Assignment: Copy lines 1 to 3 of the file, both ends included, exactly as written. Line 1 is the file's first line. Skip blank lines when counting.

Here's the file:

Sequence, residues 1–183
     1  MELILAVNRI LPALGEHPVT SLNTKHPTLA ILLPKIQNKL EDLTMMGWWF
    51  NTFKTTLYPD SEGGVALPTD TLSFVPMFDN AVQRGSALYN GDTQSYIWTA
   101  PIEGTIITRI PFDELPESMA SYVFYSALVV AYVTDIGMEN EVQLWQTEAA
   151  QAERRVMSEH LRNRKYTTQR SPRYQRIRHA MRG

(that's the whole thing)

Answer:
Sequence, residues 1–183
     1  MELILAVNRI LPALGEHPVT SLNTKHPTLA ILLPKIQNKL EDLTMMGWWF
    51  NTFKTTLYPD SEGGVALPTD TLSFVPMFDN AVQRGSALYN GDTQSYIWTA